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Public Speaking Course: 

Humor Placement

Maybe by now you are thinking about the best place to put your humorous material that you so carefully selected as part of your presentation. You weren't wondering? Well, I'm going to tell you anyway.

In most cases the members of the audience expect you to start off your speech with a story or joke. You may want to postpone your story until the audience is resolved that you will be giving them a rare case of sleeping sickness and then you can surprise them your witty humor. A good rule to remember from your public speaking course is "Don't be afraid to do the unexpected." Humor is one of the best attention getting devices that can take your audience to the peaks of intensity.

In order to start figuring out where to put your humor, you need to
find out how much time you are expected to talk. Divide this time into
equal segments. If the percentage of humor is to be low, you might make
a humorous comment each six to eight minutes. If the percentage of
humor is very high, you might be making a humorous comment every
minute. Going through this process tells you roughly how much humor or
other attention gaining devices you need to accomplish your goals effectively.
Planning ahead for each presentation is crucial when mastering your skills in your public speaking course.

I'm assuming by now that all the humor you have selected is completely relevant to your audience and your topic. If it is not, throw it out now and start searching for something to replace it that is relevant to your
program. You must have fresh humor for every audience, not canned humor, or canned speeches.

Next, you should be ready to place the humor in your program. A good public speaker doesn't make the mistake of forcing humor and other material to fit. It makes no difference if one segment goes several minutes longer than another or if you don't hit the funny bone exactly every six to eight minutes. Just use that time length as a guideline. All you have to do now is decide if you want humor in your opening and/or closing.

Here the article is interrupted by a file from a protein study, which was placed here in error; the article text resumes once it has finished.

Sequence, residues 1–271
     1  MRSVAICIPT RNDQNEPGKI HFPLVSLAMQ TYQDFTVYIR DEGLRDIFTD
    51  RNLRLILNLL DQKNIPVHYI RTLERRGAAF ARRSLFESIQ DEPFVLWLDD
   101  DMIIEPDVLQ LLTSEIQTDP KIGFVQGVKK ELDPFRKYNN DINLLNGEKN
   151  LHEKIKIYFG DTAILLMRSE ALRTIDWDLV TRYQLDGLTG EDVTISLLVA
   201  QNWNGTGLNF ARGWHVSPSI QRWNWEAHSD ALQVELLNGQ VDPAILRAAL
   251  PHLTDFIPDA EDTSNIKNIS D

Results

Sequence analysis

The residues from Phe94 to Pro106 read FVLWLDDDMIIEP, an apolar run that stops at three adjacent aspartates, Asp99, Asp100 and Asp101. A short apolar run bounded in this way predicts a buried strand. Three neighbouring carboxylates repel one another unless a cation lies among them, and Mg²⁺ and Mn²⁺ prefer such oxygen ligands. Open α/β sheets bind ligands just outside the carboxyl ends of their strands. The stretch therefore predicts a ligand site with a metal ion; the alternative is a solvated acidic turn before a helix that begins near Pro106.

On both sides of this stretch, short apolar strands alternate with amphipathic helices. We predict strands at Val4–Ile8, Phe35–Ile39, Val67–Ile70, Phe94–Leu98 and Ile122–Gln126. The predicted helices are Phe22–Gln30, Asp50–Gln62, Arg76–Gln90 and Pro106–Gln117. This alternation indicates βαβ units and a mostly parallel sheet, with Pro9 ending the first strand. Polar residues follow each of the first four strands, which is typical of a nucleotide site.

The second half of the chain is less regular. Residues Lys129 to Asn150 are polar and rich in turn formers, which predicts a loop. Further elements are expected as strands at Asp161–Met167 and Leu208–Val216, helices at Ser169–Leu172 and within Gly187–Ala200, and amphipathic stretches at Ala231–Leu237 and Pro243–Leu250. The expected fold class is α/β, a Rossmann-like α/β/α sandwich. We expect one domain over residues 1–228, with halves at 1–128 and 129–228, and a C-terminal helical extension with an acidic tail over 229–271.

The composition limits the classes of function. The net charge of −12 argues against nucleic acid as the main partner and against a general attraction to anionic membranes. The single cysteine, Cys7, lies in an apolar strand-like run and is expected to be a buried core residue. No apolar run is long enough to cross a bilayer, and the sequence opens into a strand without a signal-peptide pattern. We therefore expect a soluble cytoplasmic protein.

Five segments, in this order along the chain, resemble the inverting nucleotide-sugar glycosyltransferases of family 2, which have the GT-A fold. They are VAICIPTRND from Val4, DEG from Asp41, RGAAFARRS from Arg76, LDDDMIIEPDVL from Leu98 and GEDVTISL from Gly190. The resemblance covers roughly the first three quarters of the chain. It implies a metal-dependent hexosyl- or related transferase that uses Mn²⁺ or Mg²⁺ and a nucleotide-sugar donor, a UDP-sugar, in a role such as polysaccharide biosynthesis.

Finally, the third aspect of timing  has to do with 'planned spontaneity.' This term seems like an oxymoron, or contradiction in terms, doesn't it? When it comes to professional presentations, preparation will be a big factor in your ultimate success.

Prepared remarks that appear spontaneous to the audience deserve a mention when talking
about timing. During the course of a presentation, windows of
opportunity for witty remarks open and close. They are usually related
to 'expected/unexpected' happenings during the presentation, or
questions from the audience. Let's say you are writing on the flipchart
and your marker runs out of ink. Your window of opportunity is now
open. You might jump through the window and say, 'I guess I've come to
the dry part of my presentation' Window slams shut. Everything is fine.
You look like a quick wit and a pretty cool NO ZZZZZs presenter, all of
this is part of what you will learn in my public speaking course.

What if you waited until you searched out a new marker to say the same
line? The window had already slammed shut 30 seconds ago and now you
are trying to jump through. You lose. The spontaneity is gone and so is
the impact (except for smashing your head into the glass). What do you
need to know in order to be sure you will be ready when a window opens?

Many situations can be anticipated. If you are using a slide projector,
the bulb might blow. You may be interrupted by a loud noise. Your
microphone might squeal, etc. Prepare comments in advance so you can
recall them immediately when needed. If you let too much time pass
between the incident and your comment, you're better off foregoing the
comment. It's too late to make it funny, so timing is also part of
humor.

Questions (see Funny Question and Answer Sessions article on this
website) from the audience can be treated the same way. Dealing with
awkward questions with pleasant humor should be practiced in your public speaking course. If you've been presenting your material long enough, you can probably anticipate most of the questions that come up. Prepare a witty answer to each question and use it when the question arises.
Then go on and give your serious answer. Be careful when using this
technique your witty answer doesn't make the person asking the question
feel stupid.

 

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